Before the marines had been allowed to return to Italy to vote in that country’s general election, they had been held in jail. Now they will live at the Italian Embassy in New Delhi and be required to report to police just once a week. I would expect the sentences eventually handed down by the court will also be light enough to be acceptable to Rome.

After which, a final compensation pay-out to the families of the two fishermen can speedily follow.

The diplomatic tensions between the two countries have already eased, with the new Indian Ambassador to Rome expected to leave for his posting over the weekend, while restrictions on the movements of the Italian envoy to New Delhi, Daniele Mancini, have been lifted.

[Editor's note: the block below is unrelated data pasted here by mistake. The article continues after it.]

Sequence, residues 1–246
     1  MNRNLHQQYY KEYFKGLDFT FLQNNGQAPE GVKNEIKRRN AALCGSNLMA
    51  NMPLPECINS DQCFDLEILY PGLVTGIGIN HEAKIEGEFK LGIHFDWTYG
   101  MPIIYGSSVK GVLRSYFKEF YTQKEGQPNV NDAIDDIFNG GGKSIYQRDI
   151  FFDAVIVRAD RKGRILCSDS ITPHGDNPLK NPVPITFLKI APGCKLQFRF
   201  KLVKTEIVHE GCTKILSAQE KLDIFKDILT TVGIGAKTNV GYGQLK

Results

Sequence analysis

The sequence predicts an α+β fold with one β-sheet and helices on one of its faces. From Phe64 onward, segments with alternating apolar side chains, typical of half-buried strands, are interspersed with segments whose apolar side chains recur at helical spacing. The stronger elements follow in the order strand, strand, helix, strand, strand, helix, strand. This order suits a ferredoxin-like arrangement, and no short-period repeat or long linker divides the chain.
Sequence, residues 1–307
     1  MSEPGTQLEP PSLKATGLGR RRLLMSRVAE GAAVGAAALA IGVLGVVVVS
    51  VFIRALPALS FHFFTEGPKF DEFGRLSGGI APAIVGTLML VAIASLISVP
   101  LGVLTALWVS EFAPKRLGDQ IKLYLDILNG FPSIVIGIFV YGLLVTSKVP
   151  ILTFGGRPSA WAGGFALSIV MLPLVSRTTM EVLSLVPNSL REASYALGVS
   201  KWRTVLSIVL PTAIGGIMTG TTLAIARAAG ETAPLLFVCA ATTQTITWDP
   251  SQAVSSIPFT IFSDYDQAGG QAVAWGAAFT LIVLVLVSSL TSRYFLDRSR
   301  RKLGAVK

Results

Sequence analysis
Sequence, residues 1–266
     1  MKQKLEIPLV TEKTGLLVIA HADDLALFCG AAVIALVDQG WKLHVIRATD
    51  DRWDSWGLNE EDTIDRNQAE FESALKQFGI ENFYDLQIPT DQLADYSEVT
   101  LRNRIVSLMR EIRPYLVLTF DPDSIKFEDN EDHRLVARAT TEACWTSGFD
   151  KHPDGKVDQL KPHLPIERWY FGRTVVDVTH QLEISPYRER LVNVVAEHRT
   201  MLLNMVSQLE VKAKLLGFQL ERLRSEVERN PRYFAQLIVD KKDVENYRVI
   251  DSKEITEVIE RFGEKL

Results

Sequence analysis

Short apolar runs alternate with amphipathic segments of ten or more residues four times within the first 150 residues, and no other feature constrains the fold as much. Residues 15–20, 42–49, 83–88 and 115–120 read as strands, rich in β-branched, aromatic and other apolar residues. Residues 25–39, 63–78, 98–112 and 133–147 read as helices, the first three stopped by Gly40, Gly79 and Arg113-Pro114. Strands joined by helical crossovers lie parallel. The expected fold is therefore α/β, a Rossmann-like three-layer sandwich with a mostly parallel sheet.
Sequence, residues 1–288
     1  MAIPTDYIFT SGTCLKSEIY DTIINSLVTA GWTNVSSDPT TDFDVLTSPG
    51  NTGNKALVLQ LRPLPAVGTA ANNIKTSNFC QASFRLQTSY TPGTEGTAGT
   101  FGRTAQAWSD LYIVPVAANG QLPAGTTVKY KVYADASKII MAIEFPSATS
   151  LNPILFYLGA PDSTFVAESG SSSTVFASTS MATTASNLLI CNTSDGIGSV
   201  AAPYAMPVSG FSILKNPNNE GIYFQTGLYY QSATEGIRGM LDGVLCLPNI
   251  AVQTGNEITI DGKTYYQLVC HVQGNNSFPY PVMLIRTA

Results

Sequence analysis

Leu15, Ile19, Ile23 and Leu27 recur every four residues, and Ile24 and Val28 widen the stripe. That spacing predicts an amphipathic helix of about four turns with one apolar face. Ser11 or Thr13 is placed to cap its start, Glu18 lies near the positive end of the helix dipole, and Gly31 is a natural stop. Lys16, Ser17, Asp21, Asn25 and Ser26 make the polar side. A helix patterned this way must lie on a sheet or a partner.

‘Not British’ blunder puts strain on marriage

There have been plenty of stories in the media about refugees’ claims to settle in Australia being rejected by immigration authorities, but one from the United Kingdom surely trumps the lot.

Press photographer Craig Colville has been told he has to leave Britain even though he has a Welsh mother and an English father; was born there; has worked overseas on a UK/EU passport and has a twin brother who is accepted as British.

The problem appears to be his Canadian wife, Crystal Levy, who he met when they were both working on a cruise ship. She moved to the United Kingdom on a special youth visa in October 2010 and they married last year. She then applied to stay in the country as the wife of a UK citizen.